Speed of processing is a particularly important characteristic of the visual system. Often a behavioral reaction to a visual stimulus must be faster than the conscious perception of that stimulus, as is the case with many sports (e.g., baseball). Visual psychophysics provides a relatively simple and precise means of measuring visual processing speed called the temporal contrast sensitivity function (tCSF). Past study has shown that macular pigment (a collection of xanthophylls, lutein (L), meso-zeaxanthin (MZ) and zeaxanthin (Z), found in the retina) optical density (MPOD) is positively correlated with the tCSF. In this study, we found similar correlations when testing 102 young healthy subjects. As a follow-up, we randomized 69 subjects to receive a placebo (n=15) or one of two L and Z supplements (n=54). MPOD and tCSF were measured psychophysically at baseline and 4months. Neither MPOD nor tCSF changed for the placebo condition, but both improved significantly as a result of supplementation. These results show that an intervention with L and Z can increase processing speed even in young healthy subjects.
The dramatic rise in the use of smartphones, tablets, and laptop computers over the past decade has raised concerns about potentially deleterious health effects of increased “screen time” (ST) and associated short-wavelength (blue) light exposure. We determined baseline associations and effects of 6 months' supplementation with the macular carotenoids (MC) lutein, zeaxanthin, and mesozeaxanthin on the blue-absorbing macular pigment (MP) and measures of sleep quality, visual performance, and physical indicators of excessive ST. Forty-eight healthy young adults with at least 6 h of daily near-field ST exposure participated in this placebo-controlled trial. Visual performance measures included contrast sensitivity, critical flicker fusion, disability glare, and photostress recovery. Physical indicators of excessive screen time and sleep quality were assessed via questionnaire. MP optical density (MPOD) was assessed via heterochromatic flicker photometry. At baseline, MPOD was correlated significantly with all visual performance measures (p < 0.05 for all). MC supplementation (24 mg daily) yielded significant improvement in MPOD, overall sleep quality, headache frequency, eye strain, eye fatigue, and all visual performance measures, versus placebo (p < 0.05 for all). Increased MPOD significantly improves visual performance and, in turn, improves several undesirable physical outcomes associated with excessive ST. The improvement in sleep quality was not directly related to increases in MPOD, and may be due to systemic reduction in oxidative stress and inflammation.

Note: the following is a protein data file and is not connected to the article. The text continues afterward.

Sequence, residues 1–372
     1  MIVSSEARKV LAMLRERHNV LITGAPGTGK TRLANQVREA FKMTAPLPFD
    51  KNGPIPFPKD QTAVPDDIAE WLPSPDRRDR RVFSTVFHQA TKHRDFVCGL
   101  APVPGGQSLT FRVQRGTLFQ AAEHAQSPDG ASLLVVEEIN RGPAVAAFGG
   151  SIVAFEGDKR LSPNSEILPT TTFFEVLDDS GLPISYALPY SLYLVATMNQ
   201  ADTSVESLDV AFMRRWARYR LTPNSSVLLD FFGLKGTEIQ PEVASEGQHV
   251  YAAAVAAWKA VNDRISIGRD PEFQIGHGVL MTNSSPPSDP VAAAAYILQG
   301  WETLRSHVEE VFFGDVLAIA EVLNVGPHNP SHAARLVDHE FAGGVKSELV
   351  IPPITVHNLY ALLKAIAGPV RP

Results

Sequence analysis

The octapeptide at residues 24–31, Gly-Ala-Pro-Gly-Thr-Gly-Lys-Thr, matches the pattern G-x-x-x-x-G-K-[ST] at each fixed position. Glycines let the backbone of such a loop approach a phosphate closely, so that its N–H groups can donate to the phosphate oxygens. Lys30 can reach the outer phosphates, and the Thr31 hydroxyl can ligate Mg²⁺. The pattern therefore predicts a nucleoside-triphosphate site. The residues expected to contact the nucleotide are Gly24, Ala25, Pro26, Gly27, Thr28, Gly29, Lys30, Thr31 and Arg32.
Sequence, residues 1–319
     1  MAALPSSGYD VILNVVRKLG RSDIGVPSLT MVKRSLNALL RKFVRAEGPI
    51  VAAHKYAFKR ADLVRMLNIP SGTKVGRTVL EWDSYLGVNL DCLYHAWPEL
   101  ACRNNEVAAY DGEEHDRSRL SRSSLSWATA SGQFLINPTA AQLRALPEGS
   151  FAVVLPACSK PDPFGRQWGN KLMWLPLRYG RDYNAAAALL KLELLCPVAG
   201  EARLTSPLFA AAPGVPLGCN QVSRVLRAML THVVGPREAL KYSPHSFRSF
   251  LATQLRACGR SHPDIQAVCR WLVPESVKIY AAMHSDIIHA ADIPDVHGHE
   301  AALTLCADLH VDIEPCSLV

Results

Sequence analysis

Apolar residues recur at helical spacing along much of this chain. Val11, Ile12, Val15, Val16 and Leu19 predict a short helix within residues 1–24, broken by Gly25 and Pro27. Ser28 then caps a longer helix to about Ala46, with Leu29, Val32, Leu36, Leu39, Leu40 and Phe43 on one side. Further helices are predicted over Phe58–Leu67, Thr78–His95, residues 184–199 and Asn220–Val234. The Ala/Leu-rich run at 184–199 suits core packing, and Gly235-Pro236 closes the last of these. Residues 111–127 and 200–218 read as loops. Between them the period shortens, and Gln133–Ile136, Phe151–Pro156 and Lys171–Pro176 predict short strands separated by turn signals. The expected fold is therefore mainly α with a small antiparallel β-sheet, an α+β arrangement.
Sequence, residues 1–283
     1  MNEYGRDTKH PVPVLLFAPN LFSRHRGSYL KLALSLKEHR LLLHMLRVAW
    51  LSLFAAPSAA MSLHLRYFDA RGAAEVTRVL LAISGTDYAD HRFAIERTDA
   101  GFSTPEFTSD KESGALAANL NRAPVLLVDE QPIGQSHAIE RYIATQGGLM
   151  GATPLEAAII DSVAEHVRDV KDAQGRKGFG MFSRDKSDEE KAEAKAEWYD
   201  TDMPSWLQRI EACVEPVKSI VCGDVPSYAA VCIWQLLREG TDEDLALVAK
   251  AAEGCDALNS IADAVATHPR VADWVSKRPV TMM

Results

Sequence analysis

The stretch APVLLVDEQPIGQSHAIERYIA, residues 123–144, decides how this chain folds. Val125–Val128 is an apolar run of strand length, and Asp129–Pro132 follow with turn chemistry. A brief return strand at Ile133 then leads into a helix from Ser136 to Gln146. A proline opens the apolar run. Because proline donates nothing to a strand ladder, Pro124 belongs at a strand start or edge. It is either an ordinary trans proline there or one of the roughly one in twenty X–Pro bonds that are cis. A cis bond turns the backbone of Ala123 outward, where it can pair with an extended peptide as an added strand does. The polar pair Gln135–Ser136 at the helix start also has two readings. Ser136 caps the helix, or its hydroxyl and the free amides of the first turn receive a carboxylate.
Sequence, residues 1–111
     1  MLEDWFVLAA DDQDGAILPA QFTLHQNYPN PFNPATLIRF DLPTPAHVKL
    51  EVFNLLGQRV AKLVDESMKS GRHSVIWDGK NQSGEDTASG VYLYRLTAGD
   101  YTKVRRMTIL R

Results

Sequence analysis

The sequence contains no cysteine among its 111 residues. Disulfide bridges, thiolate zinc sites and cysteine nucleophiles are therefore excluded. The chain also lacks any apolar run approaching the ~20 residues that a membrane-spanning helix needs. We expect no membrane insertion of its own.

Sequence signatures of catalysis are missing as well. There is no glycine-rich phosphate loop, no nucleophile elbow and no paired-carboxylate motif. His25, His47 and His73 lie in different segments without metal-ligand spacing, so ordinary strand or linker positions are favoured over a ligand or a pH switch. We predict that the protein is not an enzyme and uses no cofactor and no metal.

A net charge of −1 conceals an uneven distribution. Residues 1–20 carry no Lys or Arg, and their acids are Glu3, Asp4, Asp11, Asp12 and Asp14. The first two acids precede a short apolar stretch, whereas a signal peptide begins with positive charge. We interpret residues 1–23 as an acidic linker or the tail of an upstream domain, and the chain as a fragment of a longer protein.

Purpose. A large body of research has linked macular lutein and zeaxanthin to reduced risk of degenerative eye disease. The earliest published hypothesis for the role of the pigments was not based on chronic protection but immediate function. Recent data on macular pigment (MP) have shown that screening the foveal cones from short-wave light does, in fact, result in improvements in photostress recovery (PR), glare disability (GD) and chromatic contrast (CC). This study examined those relations on a larger sample. Methods. 150 young healthy subjects were assessed. Plasma samples were obtained from 100 subjects for HPLC quantification of serum xanthophylls. MP density was measured using customized heterochromatic flicker photometery. GD, PR and CC were measured in Maxwellian view using a broadband xenon light source. GD was measured by increasing the intensity of an annulus until it veiled a central target. PR was measured as the time necessary to regain sight of a central target after a 5 second exposure to an intense bleaching light. CC was measured as the amount of light necessary in a 460 nm background to lose sight of a central target. Results. MP density was significantly related to serum lutein and zeaxanthin combined (r = 0.31, p = 0.002), GD (r = 0.24, p = 0.0015), PR (r = -0.18, p = 0.01), and CC (r = 0.46, p = 0.00005). Conclusions. These results confirm earlier reports of a significant relation between variation in macular pigment optical density and immediate effects on visual function. As with many species, intra-ocular yellow filters in humans appear to improve many aspects of the visual stimulus.